These are just a few of the many things you should remember.  Find the rest of them by reading Don’t Wear Shorts on Stage.

What are the best day and night jobs you can have when you’re trying to make it in comedy?

It always cracks me up when people come to open mic and say they’re going to “try comedy out” since they hate their job or have been laid off.  From your first open mic to the time you can make enough money to survive will most likely be at least five years.  That’s minimum.  That’s assuming you’re really good, have some luck, and can survive on a poverty-type lifestyle.  Perhaps you’re still living at home or having your parents support you (but who would admit to that?).  Rent is usually the largest expense.

You’ll need very flexible jobs while you’re building your act and gaining stage experience.  The best job to have as a beginning comic is to work at the comedy club.  That’s where I got my start (I had no intention of ever taking the stage).  Seeing hundreds of shows teaches you so much.  When I started MCing I had all of the announcements memorized.  I saw the things that worked, the things that didn’t work, and the things that infuriated other comics and the staff.  It also led to a lot of gigs because I knew who was coming up on the schedule and could get my requests in early.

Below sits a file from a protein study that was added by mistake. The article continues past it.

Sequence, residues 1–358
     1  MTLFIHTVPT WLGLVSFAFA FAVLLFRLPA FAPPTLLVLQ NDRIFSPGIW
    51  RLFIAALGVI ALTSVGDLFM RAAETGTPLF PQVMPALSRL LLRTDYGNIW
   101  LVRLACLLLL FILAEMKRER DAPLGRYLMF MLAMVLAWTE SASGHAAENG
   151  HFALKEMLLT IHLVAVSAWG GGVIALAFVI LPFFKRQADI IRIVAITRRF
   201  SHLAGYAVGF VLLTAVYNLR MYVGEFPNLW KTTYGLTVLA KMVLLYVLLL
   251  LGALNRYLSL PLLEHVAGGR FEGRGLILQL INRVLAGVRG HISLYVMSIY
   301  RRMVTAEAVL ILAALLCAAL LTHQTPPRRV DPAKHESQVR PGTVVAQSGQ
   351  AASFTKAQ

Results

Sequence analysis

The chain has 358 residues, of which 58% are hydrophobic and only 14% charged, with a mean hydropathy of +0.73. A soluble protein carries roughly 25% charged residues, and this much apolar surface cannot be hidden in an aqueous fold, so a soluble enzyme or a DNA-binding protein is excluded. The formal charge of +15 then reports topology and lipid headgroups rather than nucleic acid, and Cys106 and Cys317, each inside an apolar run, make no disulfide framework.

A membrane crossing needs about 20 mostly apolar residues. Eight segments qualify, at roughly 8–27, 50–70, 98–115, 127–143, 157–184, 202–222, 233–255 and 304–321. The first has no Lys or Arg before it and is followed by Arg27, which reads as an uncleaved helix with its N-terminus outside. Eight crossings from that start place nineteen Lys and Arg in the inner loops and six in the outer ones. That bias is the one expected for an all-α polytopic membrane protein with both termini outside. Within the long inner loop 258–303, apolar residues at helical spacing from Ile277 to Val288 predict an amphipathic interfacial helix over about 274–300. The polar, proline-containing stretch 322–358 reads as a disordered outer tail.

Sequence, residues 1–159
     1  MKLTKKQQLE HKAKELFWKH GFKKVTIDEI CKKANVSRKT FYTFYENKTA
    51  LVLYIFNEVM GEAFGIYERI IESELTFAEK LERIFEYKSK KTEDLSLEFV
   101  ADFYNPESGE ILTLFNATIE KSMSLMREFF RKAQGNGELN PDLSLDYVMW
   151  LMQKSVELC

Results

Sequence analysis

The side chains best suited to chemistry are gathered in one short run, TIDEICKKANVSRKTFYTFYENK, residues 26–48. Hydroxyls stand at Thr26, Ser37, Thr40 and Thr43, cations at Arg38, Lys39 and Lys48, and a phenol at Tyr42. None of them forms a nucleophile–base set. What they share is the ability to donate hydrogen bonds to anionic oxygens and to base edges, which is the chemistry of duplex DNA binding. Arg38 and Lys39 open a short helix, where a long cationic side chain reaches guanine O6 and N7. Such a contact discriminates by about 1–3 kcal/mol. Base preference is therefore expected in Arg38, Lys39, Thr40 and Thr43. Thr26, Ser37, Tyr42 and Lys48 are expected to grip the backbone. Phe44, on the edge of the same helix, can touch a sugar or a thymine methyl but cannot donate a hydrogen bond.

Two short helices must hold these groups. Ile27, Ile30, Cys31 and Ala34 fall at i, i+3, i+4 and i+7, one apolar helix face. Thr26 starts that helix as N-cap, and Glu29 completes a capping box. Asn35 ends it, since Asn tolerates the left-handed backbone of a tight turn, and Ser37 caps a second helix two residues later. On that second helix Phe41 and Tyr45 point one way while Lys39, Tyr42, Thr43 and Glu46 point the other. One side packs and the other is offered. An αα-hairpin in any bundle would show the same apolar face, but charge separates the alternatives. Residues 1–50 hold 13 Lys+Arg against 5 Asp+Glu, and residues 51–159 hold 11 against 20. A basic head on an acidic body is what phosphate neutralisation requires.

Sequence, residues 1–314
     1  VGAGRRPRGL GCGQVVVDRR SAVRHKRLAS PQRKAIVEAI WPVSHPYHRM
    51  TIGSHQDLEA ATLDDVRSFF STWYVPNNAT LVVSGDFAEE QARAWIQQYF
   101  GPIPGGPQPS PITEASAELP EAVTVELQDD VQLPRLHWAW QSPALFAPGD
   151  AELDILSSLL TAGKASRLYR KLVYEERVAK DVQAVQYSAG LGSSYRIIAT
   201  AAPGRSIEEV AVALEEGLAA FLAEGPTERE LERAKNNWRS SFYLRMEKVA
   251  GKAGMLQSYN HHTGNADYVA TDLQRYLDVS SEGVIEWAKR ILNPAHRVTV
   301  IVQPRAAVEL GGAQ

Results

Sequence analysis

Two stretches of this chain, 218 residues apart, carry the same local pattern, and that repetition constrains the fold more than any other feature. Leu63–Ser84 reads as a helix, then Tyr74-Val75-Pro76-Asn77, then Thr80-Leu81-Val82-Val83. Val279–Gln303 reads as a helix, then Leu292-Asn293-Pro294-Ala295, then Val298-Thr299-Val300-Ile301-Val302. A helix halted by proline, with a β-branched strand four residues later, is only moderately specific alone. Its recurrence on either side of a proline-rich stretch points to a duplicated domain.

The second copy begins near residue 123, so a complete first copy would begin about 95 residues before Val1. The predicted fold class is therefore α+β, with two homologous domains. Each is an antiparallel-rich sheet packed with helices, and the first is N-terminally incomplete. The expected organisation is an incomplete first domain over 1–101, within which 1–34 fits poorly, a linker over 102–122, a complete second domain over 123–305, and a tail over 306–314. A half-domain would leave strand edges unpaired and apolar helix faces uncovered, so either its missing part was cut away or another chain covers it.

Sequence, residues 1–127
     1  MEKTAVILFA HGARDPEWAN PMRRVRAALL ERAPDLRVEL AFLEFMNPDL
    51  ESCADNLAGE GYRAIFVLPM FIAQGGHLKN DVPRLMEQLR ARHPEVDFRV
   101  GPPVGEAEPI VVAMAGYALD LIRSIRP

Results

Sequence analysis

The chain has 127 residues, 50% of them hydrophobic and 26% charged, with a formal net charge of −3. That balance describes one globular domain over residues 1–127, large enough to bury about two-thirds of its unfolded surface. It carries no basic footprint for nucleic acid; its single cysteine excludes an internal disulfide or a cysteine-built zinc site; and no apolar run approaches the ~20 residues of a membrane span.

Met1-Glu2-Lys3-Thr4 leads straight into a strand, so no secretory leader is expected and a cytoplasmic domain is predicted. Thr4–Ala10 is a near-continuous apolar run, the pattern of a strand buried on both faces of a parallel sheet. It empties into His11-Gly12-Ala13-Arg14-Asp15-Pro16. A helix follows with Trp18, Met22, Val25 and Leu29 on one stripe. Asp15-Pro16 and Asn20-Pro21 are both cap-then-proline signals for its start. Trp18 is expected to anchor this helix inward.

***However***  There is a point where you need to stop working at your home club.  That’s discussed in my book, Don’t Wear Shorts on Stage.  Feel free to order a copy (paperback or ebook).